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About Pushpa Sekhara R Matli

Pushpa Sekhara R Matli
Pushpa Sekhara R Matli is a Hands on Enterprise Architect with more than 15 years of IT experience in analyzing, planning, architecting, and implementing enterprise applications using a comprehensive approach. He has successfully architected, executed and implemented various highly scalable and highly available solutions for large complex projects in multiple domains such as Video, Finance and Logistics for Fortune 500 companies

Dynamic Content Caching with AWS Lambda, S3 and AWS CloudFront

Serving content quickly is essential for any website or application to have better customer experience. If you have hosted your website or application in AWS Cloud, then it’s very easy to serve the content quickly with lower latency irrespective of where your application is being accessed from. AWS offers CloudFront service for caching the content in edge locations local to each user’s geographic location.

In this example we shall show you how images can be retrieved and transformed with AWS Lambda function, cache locally in CloudFront edge locations and how to invalidate these caches when the cached image is updated in the origin server. This approach can be applied to any other type of content.

1. What is Amazon CloudFront?

Amazon CloudFront is a Content Delivery Network (CDN) web service offered by AWS (Amazon Web Services) that allows the content to be available through multiple edge locations across worldwide. Amazon CloudFront currently offers 149 edge locations and 11 Regional Edge caches.

2. What is AWS Lambda?

AWS Lambda is an event-driven, serverless computing platform that runs the code without provisioning or managing servers. AWS Lambda executes code(functions) based on event triggers. For example, a simple use case would be, every time an image is uploaded to S3 bucket, Lambda function can be triggered to transform and resize the image. AWS Lambda functions can also be executed through an API built with AWS API Gateway.

3. What is Amazon S3?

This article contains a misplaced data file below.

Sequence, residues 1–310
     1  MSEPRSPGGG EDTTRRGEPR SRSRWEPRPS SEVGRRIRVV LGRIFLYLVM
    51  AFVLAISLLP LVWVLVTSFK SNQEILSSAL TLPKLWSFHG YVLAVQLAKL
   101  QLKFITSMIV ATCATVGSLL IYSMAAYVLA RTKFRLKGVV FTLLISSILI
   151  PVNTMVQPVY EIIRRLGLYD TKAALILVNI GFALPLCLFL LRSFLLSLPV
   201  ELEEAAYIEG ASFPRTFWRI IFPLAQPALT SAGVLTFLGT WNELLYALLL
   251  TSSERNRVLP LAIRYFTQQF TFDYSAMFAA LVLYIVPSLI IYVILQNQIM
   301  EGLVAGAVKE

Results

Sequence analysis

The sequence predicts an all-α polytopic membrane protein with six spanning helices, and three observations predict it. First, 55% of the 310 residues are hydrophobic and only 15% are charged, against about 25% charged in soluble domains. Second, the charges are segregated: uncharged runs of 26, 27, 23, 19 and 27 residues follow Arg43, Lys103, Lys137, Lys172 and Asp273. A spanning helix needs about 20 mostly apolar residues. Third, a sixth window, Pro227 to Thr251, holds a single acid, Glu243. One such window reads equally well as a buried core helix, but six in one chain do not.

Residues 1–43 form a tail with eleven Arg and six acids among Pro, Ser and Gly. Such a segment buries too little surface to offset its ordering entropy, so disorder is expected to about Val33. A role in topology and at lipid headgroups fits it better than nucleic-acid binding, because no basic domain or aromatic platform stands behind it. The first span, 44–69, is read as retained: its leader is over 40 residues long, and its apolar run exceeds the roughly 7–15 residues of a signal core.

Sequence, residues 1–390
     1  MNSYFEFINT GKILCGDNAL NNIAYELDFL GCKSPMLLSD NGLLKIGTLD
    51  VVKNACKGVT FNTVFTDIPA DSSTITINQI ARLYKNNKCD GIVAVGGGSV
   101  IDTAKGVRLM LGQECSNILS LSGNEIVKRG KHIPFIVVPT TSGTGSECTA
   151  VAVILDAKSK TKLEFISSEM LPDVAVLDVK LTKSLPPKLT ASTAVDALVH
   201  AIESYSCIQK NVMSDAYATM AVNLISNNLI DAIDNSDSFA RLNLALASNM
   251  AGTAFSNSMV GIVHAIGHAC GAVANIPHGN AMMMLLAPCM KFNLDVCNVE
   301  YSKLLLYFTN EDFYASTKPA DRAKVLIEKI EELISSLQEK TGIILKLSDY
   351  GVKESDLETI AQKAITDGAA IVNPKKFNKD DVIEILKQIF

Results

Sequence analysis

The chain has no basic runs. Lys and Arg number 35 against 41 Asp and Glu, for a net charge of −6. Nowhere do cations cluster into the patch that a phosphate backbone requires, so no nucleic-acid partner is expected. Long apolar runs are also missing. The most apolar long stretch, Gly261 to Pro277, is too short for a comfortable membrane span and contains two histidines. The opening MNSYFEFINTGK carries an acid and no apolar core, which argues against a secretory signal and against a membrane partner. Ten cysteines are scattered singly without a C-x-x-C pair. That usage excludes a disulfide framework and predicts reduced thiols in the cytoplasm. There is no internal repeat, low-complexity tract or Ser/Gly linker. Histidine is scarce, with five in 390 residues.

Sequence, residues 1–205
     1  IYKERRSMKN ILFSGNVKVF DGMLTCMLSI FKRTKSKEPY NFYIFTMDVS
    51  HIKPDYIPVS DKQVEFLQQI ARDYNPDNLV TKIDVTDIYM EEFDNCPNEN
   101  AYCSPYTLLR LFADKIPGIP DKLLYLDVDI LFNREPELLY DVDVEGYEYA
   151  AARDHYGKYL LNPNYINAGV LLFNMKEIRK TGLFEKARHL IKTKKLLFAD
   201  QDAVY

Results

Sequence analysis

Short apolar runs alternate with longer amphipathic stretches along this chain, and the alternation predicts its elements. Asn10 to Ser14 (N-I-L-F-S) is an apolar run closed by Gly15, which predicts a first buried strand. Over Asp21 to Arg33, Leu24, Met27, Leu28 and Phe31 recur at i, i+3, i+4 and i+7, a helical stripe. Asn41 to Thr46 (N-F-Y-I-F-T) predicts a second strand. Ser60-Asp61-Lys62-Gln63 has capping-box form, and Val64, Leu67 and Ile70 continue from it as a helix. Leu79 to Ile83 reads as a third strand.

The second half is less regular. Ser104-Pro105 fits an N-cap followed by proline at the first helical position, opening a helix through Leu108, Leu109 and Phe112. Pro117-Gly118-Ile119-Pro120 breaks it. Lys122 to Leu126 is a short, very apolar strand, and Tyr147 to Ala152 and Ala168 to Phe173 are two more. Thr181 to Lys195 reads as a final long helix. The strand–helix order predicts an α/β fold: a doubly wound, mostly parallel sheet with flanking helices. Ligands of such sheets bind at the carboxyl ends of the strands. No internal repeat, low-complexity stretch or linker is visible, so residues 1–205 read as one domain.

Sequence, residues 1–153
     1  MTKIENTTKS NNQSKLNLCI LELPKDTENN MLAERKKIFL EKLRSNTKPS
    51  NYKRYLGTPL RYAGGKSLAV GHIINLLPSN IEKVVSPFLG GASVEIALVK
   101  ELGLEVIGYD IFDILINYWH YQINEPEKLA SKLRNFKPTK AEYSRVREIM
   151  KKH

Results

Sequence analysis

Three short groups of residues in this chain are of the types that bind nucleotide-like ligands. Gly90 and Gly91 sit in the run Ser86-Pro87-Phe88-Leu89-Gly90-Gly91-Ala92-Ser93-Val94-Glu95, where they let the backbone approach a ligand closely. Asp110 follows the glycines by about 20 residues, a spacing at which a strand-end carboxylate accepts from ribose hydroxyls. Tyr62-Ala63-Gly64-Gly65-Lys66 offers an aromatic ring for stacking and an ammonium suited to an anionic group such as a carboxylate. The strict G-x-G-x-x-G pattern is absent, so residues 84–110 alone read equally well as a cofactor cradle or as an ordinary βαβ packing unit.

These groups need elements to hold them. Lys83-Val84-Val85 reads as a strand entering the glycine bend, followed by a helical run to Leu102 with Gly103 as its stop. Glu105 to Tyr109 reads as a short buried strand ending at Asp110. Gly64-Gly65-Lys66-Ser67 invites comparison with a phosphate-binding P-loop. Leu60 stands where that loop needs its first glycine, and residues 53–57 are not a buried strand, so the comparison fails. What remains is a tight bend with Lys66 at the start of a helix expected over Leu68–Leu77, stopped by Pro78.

AWS S3 (Simple Storage Service) is a Low-cost, Secure, Durable, Highly Available, and Horizontally Scalable object storage service where data can be stored, accessed, and easily backed up. You can store any amount of information from anywhere.

4. Fetch Images from Origin Server and Store in S3

Let’s say you have a Media server that hosts all images required by your website and assume this Server is able to trigger notification when an existing image is updated or a new image is added. Using AWS Lambda, these images can be retrieved, transformed, resized and store to S3 bucket.

Dynamic Content Caching - Fetch Image from Origin Server
Figure 1 : Fetch Image from Origin Server using Lambda 

The above diagram Figure 1 shows AWS Lambda function that retrieves raw images from the Media server, transform and post it to S3 bucket. It also listens to Message Queue for image updates posted by Media Server and refresh the images in S3.

5. Caching Content with Amazon CloudFront

Amazon CloudFront speeds up the delivery of your content through Edge caches. When user accesses your website or application and requests content, the request is routed to the nearest CloudFront edge location. Only for first user there will be latency in retrieving the content and all subsequent users of the same content will be able to retrieve the content quickly as the content will be cached in edge location.

Following is the process that happens on user’s request for content:

  • CloudFront checks its cache for the requested object. If the requested object is found in the cache, it’ll be returned.
  • If the requested object is not found in the CloudFront cache,
    • The request will be redirected to the configured Origin Server. Origin Server could be S3 Bucket, Custom HTTTP Server or any other server.
    • CloudFront caches the object returned from Origin Server in the nearest edge location and returns to the user.